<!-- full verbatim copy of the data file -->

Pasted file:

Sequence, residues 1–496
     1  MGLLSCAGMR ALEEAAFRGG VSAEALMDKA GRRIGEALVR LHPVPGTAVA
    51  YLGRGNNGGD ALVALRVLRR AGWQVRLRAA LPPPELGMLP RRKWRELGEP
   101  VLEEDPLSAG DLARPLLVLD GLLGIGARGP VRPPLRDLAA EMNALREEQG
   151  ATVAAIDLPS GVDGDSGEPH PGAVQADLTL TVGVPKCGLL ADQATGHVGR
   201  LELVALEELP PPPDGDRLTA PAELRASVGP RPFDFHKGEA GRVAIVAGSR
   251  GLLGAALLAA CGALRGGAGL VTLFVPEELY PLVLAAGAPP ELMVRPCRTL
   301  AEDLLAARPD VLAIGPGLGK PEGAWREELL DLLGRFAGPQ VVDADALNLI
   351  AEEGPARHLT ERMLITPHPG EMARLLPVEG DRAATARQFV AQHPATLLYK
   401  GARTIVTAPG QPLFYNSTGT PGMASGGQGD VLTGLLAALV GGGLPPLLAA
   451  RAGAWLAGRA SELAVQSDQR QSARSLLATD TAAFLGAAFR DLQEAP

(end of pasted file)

Sequence, residues 1–496
     1  MGLLSCAGMR ALEEAAFRGG VSAEALMDKA GRRIGEALVR LHPVPGTAVA
    51  YLGRGNNGGD ALVALRVLRR AGWQVRLRAA LPPPELGMLP RRKWRELGEP
   101  VLEEDPLSAG DLARPLLVLD GLLGIGARGP VRPPLRDLAA EMNALREEQG
   151  ATVAAIDLPS GVDGDSGEPH PGAVQADLTL TVGVPKCGLL ADQATGHVGR
   201  LELVALEELP PPPDGDRLTA PAELRASVGP RPFDFHKGEA GRVAIVAGSR
   251  GLLGAALLAA CGALRGGAGL VTLFVPEELY PLVLAAGAPP ELMVRPCRTL
   301  AEDLLAARPD VLAIGPGLGK PEGAWREELL DLLGRFAGPQ VVDADALNLI
   351  AEEGPARHLT ERMLITPHPG EMARLLPVEG DRAATARQFV AQHPATLLYK
   401  GARTIVTAPG QPLFYNSTGT PGMASGGQGD VLTGLLAALV GGGLPPLLAA
   451  RAGAWLAGRA SELAVQSDQR QSARSLLATD TAAFLGAAFR DLQEAP